“If a family member, friend, loved one, or even you are in any way involved in a criminal case where the severity of the crime was at issue,” the Depravity Standard asserts, “we are confident that this research will enhance your confidence in the fairness of our justice system, whether you are a defendant or victim.” (Depravityscale.org, 2013)

I participated. Dr. Hoevet did. One voice, one vote. If for nothing else it helped clarify my view of depravity and evil. Will you participate? That’s the real question. I can’t say if it will increase your “confidence in the fairness of our justice system.” 

I can say that “fairness” is the most arbitrary of words. But if this study helps put bombers behind bars, helps grieving hearts heal and determines the balance between punishment and redemptive hope for the guilty, I say click those buttons.

 

__________________________________________________

 

Epilogue

 

UPDATE 5/3/13: I had contacted the Forensic Panel, and Dr. Welner, in preparation for this article, if only to notify them of my intent—but I did slip a few questions in; I am ever the joyful opportunist!

Interestingly enough, Dr. Welner (himself!) came across the article on his own and then responded to my email. I am humbled that he said the work above took the complexities of the standard and “made it all seem understandable and your interpretations were on target” because one of my minor missions is to stash psychology’s cookies on the bottom shelf for all the world to munch.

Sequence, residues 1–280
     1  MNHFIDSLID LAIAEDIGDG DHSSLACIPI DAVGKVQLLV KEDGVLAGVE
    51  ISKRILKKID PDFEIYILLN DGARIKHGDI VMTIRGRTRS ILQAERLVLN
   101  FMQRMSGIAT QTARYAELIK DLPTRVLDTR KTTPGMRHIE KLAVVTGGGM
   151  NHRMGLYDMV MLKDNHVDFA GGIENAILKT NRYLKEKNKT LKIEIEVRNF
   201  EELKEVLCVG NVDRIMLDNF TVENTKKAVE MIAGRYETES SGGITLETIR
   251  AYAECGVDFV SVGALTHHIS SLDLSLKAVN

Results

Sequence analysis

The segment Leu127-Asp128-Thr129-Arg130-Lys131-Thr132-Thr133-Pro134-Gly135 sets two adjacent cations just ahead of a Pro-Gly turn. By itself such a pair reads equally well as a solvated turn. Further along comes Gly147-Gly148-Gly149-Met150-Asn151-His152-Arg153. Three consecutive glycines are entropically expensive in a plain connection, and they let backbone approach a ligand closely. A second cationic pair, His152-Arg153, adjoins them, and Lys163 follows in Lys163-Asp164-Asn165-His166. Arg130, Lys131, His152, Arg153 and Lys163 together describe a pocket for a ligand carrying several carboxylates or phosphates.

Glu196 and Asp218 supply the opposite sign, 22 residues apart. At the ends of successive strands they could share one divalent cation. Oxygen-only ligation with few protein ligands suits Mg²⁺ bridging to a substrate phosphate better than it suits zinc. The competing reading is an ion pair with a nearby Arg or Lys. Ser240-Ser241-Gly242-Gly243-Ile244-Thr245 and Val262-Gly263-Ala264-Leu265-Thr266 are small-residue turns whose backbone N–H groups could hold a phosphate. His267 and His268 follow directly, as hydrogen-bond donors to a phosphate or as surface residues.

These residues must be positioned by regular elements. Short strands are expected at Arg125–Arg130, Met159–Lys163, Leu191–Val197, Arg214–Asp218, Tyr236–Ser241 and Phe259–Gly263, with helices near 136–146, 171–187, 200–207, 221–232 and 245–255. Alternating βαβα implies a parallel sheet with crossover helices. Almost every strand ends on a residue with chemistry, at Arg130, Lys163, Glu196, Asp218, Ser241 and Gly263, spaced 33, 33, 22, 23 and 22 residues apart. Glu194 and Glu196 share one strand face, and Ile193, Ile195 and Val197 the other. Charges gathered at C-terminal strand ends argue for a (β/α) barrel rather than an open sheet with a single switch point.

I was also heartened that he assured all of us supporters that “I have and continue to elaborate this work, very carefully and deliberately, with the broader concerns you articulated in mind.”

With that introduction, I offer you his responses to the questions that I “slipped in,” for your further edification and enjoyment.

What keeps your passion about this topic high as we near the 10 year mark?

My passion for the Depravity Standard and the study of evil in the everyday is fueled by the same factors that inspired me in the first place – namely, that depravity and evil somehow eluded the study by the behavioral sciences, and if I  did not do it, it would not happen, and that avoidance is unacceptable for our profession and for justice, for all of the reasons you noted in your article. I am heartened by all that we have learned to date that has demonstrated that a consensus can be achieved about what distinguishes the worst of crimes and an operationalized way to apply this to crime can be achieved. What we are now doing is refining the standard for its eventual valid application to murder and then, to other crimes. But this has to be used carefully, and so I am pleased with the deliberate approach this project has taken. It’s hard not to be excited about the implications of what we have been learning.